LOUISVILLE, Ky. (AP) - Attorneys for a teenager whose feet were
severed on an amusement park ride last summer want to add two of her friends to a lawsuit against the park.
Blair Johnson and Arin Valsted, both of Louisville, suffered injuries and emotional trauma when a cable on the Superman Tower of Power ride broke at Six Flags Kentucky Kingdom on June 21, cutting off 14-year-old Kaitlyn Lasitter's legs, attorney Jennifer Barbour said Wednesday.
Barbour, whose firm represents the Lasitter family, filed a motion in Jefferson Circuit Court on Wednesday to add the girls to the suit. They were riding with Lasitter when the accident happened.
Kentucky Kingdom's attorney, Michael Valenti, opposed the motion. Valenti said Kentucky law doesn't allow parents to sue for loss of consortium - in this case, a loss of the normal companionship of the children - in cases involving an injured juvenile.
"The law in Kentucky is very clear, very straightforward," Valenti said.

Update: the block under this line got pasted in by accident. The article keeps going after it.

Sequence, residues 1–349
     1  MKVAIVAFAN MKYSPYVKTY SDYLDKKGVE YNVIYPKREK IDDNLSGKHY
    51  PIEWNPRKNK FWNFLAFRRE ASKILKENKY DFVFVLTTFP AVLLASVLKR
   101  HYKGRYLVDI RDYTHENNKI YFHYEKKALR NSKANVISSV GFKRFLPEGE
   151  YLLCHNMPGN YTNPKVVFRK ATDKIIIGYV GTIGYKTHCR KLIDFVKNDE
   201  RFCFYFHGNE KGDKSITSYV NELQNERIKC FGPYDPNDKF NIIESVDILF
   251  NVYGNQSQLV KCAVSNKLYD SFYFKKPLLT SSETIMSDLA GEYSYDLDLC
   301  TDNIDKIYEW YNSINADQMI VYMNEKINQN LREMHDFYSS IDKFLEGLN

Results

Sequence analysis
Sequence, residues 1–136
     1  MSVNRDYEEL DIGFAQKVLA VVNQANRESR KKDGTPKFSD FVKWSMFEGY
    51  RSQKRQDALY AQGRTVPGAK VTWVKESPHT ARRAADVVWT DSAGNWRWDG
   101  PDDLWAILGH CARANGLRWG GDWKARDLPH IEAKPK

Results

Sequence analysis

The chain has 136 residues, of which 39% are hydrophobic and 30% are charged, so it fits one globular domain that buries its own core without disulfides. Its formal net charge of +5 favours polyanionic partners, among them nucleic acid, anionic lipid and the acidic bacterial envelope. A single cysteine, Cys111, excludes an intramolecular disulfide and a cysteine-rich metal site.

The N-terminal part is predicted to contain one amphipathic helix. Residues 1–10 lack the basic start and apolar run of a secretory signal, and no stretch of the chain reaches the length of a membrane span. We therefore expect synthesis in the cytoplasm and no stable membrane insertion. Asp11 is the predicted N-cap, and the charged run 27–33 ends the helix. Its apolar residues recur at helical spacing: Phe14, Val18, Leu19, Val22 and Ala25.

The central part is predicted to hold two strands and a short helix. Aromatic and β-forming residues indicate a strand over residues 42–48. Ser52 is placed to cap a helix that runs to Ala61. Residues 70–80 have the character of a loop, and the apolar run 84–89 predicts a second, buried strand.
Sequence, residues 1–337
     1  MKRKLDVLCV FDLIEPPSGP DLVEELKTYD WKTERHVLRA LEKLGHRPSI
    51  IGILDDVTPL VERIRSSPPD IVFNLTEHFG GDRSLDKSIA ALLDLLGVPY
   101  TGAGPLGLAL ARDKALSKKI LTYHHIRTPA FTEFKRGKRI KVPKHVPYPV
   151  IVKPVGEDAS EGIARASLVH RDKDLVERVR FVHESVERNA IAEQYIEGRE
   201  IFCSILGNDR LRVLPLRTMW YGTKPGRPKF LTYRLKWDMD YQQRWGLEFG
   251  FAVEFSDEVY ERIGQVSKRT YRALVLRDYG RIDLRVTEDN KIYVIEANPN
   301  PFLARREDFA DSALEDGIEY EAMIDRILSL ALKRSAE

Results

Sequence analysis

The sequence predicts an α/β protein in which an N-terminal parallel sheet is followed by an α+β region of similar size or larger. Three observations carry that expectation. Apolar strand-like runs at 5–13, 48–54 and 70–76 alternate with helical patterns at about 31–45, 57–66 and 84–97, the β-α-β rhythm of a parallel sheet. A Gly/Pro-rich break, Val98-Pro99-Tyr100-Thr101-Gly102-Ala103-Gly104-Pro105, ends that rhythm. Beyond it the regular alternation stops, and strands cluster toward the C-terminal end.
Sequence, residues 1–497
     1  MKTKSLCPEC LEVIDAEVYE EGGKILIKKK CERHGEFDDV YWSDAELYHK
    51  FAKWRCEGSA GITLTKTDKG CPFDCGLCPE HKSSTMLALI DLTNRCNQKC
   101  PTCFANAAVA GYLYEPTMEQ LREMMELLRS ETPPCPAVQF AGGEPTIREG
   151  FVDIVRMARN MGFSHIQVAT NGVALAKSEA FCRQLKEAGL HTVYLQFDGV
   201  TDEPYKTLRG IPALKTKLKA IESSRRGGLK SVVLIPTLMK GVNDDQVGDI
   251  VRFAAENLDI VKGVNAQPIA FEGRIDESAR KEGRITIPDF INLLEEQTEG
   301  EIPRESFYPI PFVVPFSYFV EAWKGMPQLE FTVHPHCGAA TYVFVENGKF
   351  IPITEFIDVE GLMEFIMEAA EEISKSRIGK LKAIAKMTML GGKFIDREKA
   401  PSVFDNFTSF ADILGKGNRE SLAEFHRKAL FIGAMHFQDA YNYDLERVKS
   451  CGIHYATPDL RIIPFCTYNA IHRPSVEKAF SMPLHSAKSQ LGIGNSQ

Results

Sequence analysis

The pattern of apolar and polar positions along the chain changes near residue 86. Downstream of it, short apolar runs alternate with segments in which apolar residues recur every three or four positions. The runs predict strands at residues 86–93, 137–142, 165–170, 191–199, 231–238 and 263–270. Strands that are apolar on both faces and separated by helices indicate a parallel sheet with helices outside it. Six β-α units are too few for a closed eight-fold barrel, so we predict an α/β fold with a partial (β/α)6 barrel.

Jefferson Circuit Judge Barry Willett took the motion under advisement but did not say when he will rule.
When the cables snapped, Lasitter's legs were cut off just below
the knees. Doctors reattached her right foot, but she had to have some of her left leg amputated and subsequent surgeries.
Depositions and statements filed in the lawsuit said Johnson and
Valsted suffered cuts and bruises.
Valenti said Kentucky Kingdom has paid $6,059 for Valsted and her family to undergo medical treatment and psychological counseling since the accident. Johnson's family has received $3,100 for medical treatment and counseling, Valenti said.
Barbour said both girls and their families should be allowed to seek damages for their injuries, as well as the time and money spent traveling to see Lasitter while she was hospitalized in Nashville, Tenn.
"There will be ongoing psychological care for both of these girls. Whether Kentucky Kingdom will continue to pay for that, I do not know that," Barbour said. "These girls visited Kaitlyn in Nashville as often as possible to make sure she was going to survive."
State officials blame a faulty cable and slow response by an
amusement park ride operator in the accident.
(Copyright 2008 by The Associated Press. All Rights Reserved.)